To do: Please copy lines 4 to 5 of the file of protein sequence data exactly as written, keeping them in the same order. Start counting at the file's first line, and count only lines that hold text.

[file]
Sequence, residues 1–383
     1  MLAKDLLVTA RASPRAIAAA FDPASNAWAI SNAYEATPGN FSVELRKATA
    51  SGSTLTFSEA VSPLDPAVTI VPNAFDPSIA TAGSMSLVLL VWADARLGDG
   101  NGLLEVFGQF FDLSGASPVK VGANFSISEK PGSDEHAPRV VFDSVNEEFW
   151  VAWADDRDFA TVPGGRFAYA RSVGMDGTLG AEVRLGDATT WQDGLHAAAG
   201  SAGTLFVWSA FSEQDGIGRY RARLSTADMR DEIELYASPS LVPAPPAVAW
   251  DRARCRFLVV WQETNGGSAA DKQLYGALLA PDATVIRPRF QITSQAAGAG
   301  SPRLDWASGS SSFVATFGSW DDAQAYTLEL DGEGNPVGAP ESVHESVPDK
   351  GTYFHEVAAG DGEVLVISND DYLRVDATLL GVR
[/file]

   101  NGLLEVFGQF FDLSGASPVK VGANFSISEK PGSDEHAPRV VFDSVNEEFW
   151  VAWADDRDFA TVPGGRFAYA RSVGMDGTLG AEVRLGDATT WQDGLHAAAG